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WEATHER UNIVERSITY: Move over crickets, dragonflies can forecast, too

Dragonflies, like many insects, are known to be strongly affected by changes in the weather.
Dragonflies, like many insects, are known to be strongly affected by changes in the weather. - 123RF Stock Photo

Since weather lore is a product of decades of careful observation, I love to get questions about things people notice.

Earlier this week, Paul Smith from Dominion, N.S., wanted to know if there might be a connection between the unusually high number of dragonflies and the heat wave.  He has seen as many as six to 12 of them flying around at once.

Great question Paul.  Dragonflies, like many insects, are known to be strongly affected by changes in the weather.  Dragonflies are exothermic, which means changes in temperature influence their behaviour.  They are more active when it’s warm and a little lethargic when it gets too cool.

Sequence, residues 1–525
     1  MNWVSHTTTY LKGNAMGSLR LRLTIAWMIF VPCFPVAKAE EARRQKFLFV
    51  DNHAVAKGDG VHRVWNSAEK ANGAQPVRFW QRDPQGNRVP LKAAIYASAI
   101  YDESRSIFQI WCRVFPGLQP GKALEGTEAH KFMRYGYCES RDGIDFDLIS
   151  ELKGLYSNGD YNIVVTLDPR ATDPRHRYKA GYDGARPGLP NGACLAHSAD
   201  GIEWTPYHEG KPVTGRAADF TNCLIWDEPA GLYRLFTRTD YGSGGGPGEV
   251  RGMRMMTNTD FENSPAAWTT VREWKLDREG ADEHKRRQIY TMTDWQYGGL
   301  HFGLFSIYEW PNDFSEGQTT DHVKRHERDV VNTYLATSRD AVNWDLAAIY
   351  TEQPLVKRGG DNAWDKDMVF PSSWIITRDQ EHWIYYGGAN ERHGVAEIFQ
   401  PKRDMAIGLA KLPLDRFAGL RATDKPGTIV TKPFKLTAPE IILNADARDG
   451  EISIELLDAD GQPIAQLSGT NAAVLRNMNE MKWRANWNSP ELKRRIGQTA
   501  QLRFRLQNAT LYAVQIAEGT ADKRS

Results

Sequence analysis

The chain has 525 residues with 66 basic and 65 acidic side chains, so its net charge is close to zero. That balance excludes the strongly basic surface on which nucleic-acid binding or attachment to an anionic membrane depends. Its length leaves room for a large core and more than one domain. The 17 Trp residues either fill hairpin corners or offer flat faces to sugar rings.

Wind also plays a role in a dragonfly’s activity level. On very windy days, they won’t fly at all, or it will be restricted to places that are protected from the wind.  While dragonflies are powerful fliers, they still have limitations. They have massive, broad, flat wings and though they have bulky bodies, they just don’t weigh that much.

Light is known to impact flight activity, as well: more dragonflies tend to fly on sunny days than on cloudy days.

Finally, let’s consider rain. Several researchers have observed that dragonflies disappear from the water’s edge right before it starts to rain.  This behaviour is fascinating and very smart.

So, there you have it, Paul. While this hot, windless weather has many of us scurrying indoors to our air-conditioned homes, the dragonflies are having a ball!

Cindy Day is the chief meteorologist for SaltWire Network.

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